Modeling a human chromosome 21-associated disease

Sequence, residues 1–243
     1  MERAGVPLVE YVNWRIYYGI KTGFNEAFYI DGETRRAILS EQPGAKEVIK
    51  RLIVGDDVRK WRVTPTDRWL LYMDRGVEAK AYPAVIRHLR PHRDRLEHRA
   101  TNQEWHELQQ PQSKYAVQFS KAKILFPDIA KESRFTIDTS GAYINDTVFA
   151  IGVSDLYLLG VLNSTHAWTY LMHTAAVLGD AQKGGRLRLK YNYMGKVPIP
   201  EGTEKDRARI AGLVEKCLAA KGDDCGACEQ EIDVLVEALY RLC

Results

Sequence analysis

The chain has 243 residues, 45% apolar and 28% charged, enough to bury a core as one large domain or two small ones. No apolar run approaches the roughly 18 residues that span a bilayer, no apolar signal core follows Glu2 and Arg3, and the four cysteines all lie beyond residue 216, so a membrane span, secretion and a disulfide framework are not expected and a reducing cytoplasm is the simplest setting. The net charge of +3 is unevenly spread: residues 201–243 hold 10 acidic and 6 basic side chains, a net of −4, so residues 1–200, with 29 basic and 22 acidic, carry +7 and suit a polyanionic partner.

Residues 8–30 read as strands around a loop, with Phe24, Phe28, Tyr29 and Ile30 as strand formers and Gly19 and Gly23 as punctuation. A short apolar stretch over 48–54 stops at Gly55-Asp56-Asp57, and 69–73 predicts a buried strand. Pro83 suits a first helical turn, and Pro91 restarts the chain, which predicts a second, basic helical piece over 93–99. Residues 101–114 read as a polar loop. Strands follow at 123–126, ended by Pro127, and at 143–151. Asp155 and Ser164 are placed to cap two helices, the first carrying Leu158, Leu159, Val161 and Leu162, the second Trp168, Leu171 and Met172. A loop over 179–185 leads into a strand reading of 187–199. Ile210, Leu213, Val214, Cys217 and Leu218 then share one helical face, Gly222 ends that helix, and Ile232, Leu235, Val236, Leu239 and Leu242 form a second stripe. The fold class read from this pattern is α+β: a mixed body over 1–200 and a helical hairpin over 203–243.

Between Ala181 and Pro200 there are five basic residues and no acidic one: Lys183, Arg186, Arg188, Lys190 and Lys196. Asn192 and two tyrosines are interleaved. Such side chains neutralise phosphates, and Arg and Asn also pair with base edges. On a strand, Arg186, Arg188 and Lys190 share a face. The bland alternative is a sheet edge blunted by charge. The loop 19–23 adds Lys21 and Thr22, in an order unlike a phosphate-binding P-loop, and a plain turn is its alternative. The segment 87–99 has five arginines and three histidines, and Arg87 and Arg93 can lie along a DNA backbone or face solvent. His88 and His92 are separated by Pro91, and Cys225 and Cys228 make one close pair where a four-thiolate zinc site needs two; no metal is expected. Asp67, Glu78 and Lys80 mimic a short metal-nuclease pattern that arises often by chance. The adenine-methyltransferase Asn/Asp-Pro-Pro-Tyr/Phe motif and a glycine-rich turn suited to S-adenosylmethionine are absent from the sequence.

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Many people suffer from a disease that is yet to be diagnosed. The National Institutes of Health Undiagnosed Diseases Program (NIH-UDP) aims to diagnose these diseases. One of the cases presented to the NIH-UDP is that of a 7 year old patient homozygous for an A103G mutation in C21orf62 . C21orf62 is a protein-coding gene with unknown function. It is located on human chromosome 21 (Hsa21). Abnormalities of Hsa21 can lead to cognitive disorders, such as Down Syndrome (DS) which is caused by the presence of an extra copy of Hsa21. The patient with C21orf62(A103G) mutation exhibits cognitive and behavioral problems, similar to those observed in DS. Our lab is engineering a mouse model homozygous for the C21orf62(A103G) mutation. The mouse contains three regions in its genome orthologous to Hsa21, with C21orf62 located on mouse chromosome 16 (Mmu16). We built a construct containing the A103G mutation and successfully targeted this into mouse embryonic stem (ES) cells. These cells will be injected into mouse blastocysts to eventually develop a mouse model homozygous for this mutation. This novel model can be utilized for electrophysiological and behavioral analysis, in order to identify the possible relationship between the mutation and cognitive and developmental disorders.